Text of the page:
Research Divisions

Organic Thin Film Division

The expression function of organic molecules highly depends on their chemical structure, aggregation state, and crystal characteristics. In this division, we conduct research on nanostructure formation, interface control, elucidation of optical and electronic properties, and device invention with the aim at creating organic thin film devices with optical and electronic functions.

In addition to the development of new film formation and structure control technology for diversifying organic molecules such as vacuum deposition, polymerization film formation, and ink jet film formation, we also work on the correlation interface between structure and function through the functional evaluation of its dielectric property, semiconductor property, conductivity, etc.

With this background, we perform research on the following subjects.

Members

  • Kenji Ishida (Professor)(*)
  • Tatsuya Fukushima (Lecturer)
  • Yasuko Koshiba (Research Assistant)

(*) Division Leader


Research Topics

Development of a Novel Manufacture process for Nano-structure Controlled Organic Thin Membrane

ln our group, we carry on research on novel membrane formation technologies oriented to printable electronics such as: photocontact printing methods, uniaxial-oriented organic semiconductive crystal wire, crystal growth processes performed in ionic solutions etc. Additionally, in dry processes, we are performing research on measurement of substance steam pressure as an important parameter of thin film growth by application of vaccum evaporation method, and, tetramerization reaction of gas-solid interface obtained through chemical vapor deposition.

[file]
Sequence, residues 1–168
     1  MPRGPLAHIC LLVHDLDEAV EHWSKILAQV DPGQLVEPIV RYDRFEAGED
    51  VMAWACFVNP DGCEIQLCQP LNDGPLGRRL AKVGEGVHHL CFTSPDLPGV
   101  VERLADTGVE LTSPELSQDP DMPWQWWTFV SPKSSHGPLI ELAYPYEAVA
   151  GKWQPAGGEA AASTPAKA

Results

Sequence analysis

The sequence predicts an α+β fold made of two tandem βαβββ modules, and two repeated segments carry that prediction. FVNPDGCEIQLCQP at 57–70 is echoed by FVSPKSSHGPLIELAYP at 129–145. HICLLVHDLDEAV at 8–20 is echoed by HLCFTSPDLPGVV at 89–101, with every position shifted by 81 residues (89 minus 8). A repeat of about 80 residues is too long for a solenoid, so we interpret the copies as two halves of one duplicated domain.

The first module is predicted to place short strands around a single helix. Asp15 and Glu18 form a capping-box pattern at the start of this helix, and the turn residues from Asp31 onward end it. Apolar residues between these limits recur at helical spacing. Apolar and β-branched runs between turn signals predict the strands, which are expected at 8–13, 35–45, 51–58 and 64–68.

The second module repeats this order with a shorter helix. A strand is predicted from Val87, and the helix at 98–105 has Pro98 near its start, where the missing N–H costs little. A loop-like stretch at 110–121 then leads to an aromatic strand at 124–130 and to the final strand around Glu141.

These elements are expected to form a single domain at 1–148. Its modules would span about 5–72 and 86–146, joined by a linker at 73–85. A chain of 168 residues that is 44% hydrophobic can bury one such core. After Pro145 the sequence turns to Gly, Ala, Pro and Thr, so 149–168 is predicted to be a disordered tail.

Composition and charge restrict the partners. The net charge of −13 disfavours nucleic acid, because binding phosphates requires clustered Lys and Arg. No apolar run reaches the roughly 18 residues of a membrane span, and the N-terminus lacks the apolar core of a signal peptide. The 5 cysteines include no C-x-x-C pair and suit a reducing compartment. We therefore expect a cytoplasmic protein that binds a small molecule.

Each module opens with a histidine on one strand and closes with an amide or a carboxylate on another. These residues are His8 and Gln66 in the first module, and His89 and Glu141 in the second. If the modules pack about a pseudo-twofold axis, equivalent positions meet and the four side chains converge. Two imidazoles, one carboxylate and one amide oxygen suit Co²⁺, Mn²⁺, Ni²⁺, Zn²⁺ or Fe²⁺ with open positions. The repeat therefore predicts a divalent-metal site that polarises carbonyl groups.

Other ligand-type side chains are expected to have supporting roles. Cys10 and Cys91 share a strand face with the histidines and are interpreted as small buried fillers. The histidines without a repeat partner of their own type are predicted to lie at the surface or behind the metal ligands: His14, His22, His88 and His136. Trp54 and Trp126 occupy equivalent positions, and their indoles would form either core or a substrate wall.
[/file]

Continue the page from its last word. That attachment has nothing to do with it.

Development of an Organic Ferroelectric VDF Thin Membrane Oriented to Application in Sensing-Energy conservation

ln Vinylidene fluoride group (-CH2CF2), there is a big vertical dipole in molecules axis from hydrogen and fluorine’s electronegativity diference. Our research aims to obtain highly efficient ferroelectricity, pyroelectricity and piezoelectricity in oscillatory-electric elements, piezoelectric sensors (contact, flexed) infrared-thermosensors (human presence sensors – gas sensors) and organic non-volatile memories by controlling membrane structure and molecule orietation in organic materials such as VDF-related materials, Polyurea, TGS etc.


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